|Bald Eagle Management Guidelines and Conservation Measures
Additional Conservation Measures to Benefit Bald Eagles
These recommendations can also be used to benefit bald eagles.
- Protect potential roost and nest sites by retaining mature trees and old growth stands, particularly within ½ mile from water.
- Where nests are blown from trees during storms or are otherwise destroyed by the elements, continue to protect the site in the absence of the nest for up to three (3) complete breeding seasons. Many eagles will rebuild the nest and reoccupy the site.
- To avoid collisions, site wind turbines, communication towers and high voltage transmission power lines away from nests, foraging areas, and communal roost sites.
- Employ industry-accepted best management practices (APLIC) to prevent birds from colliding with or being electrocuted by utility lines, towers and poles. If possible, bury utility lines in important eagle areas.
- Where bald eagles are likely to nest in human-made structures (e.g., cell phone towers) and such use could impede operation or maintenance of the structures or jeopardize the safety of the eagles, equip the structures with either (1) devices engineered to discourage bald eagles from building nests, or (2) nesting platforms that will safely accommodate bald eagle nests without interfering with structure performance.
- Immediately cover carcasses of euthanized animals at landfills to protect eagles from being poisoned.
- Do not intentionally feed bald eagles. Artificially feeding bald eagles can disrupt their essential behavioral patterns and put them at increased risk from power lines, collision with windows and cars, and other mortality factors.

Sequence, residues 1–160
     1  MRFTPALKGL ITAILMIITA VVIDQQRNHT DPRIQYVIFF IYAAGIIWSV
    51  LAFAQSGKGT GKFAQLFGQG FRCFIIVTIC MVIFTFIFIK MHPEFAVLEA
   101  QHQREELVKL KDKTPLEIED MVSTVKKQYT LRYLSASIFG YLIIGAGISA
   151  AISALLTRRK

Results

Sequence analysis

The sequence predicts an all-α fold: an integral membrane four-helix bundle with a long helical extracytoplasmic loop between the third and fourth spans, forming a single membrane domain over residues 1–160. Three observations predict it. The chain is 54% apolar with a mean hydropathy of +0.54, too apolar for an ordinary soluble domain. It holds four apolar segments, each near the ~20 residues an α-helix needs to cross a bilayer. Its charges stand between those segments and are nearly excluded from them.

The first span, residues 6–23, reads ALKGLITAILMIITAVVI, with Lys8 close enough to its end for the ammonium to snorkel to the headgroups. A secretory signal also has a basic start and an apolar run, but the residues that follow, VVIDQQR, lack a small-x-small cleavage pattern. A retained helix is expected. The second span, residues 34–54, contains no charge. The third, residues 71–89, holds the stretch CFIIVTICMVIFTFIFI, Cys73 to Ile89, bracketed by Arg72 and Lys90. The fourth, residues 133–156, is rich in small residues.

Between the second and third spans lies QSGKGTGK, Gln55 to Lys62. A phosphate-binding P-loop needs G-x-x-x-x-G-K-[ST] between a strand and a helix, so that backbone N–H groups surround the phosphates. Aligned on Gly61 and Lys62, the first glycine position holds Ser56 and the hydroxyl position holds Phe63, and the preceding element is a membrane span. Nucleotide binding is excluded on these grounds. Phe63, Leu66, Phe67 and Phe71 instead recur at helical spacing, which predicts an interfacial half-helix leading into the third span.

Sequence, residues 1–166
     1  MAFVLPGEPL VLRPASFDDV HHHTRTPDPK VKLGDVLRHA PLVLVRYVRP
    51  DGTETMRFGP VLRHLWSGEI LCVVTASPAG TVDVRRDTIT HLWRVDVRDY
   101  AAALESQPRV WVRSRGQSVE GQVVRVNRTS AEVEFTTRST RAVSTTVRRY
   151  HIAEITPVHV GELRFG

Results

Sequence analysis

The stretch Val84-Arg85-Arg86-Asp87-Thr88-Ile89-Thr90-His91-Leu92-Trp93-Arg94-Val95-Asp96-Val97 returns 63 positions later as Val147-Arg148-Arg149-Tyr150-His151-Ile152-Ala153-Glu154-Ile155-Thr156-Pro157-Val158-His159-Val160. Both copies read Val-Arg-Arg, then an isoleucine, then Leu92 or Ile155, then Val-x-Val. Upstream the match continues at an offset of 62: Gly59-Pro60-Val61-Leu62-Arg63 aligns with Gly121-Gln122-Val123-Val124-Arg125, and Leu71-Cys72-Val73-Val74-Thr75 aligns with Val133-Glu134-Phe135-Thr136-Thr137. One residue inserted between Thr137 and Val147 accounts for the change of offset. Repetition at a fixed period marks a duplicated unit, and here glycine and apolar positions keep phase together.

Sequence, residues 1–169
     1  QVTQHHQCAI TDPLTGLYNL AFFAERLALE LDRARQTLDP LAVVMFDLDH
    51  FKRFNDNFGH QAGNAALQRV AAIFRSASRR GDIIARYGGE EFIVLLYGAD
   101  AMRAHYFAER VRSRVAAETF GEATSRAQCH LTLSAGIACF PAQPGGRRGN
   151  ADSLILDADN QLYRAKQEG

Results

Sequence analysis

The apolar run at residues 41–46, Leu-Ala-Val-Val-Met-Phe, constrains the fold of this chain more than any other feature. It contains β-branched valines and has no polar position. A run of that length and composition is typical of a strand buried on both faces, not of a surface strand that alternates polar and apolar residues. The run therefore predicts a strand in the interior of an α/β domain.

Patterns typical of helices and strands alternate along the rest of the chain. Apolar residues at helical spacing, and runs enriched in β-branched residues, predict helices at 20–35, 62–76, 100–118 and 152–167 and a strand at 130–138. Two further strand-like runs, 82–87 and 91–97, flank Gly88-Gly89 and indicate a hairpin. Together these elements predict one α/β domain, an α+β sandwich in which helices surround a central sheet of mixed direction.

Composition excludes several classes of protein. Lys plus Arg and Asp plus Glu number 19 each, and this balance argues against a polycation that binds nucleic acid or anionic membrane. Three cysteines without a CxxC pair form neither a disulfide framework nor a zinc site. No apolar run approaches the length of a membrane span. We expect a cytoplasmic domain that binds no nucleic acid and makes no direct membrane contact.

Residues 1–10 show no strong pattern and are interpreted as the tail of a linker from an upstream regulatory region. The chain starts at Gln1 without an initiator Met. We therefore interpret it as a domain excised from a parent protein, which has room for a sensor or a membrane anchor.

- Use pesticides, herbicides, fertilizers, and other chemicals only in accordance with Federal and state laws.
- Monitor and minimize dispersal of contaminants associated with hazardous waste sites (legal or illegal), permitted releases, and runoff from agricultural areas, especially within watersheds where eagles have shown poor reproduction or where bio accumulating contaminants have been documented. These factors present a risk of contamination to eagles and their food sources.
Back to the introduction
- Voluntary measures to take during recreational activities that help to avoid disturbing nesting bald eagles and their young
- Guidance to determine the likelihood of disturbing nesting bald eagles during new or intermittent activities (other than recreation)
|Management at a Glance
Two factors most influence an eagle's response to human activity:
- The activity's visibility from the eagle nest and;
- The regular occurrence of similar activities near the nest.
General recommendations to avoid disturbing nesting bald eagles:
- Keep distance between the activity and the nest (distance buffers).
- Maintain forested or natural areas between the activity and the nest tree (landscape buffers).
- Avoid certain activities during the nesting season (timing buffers).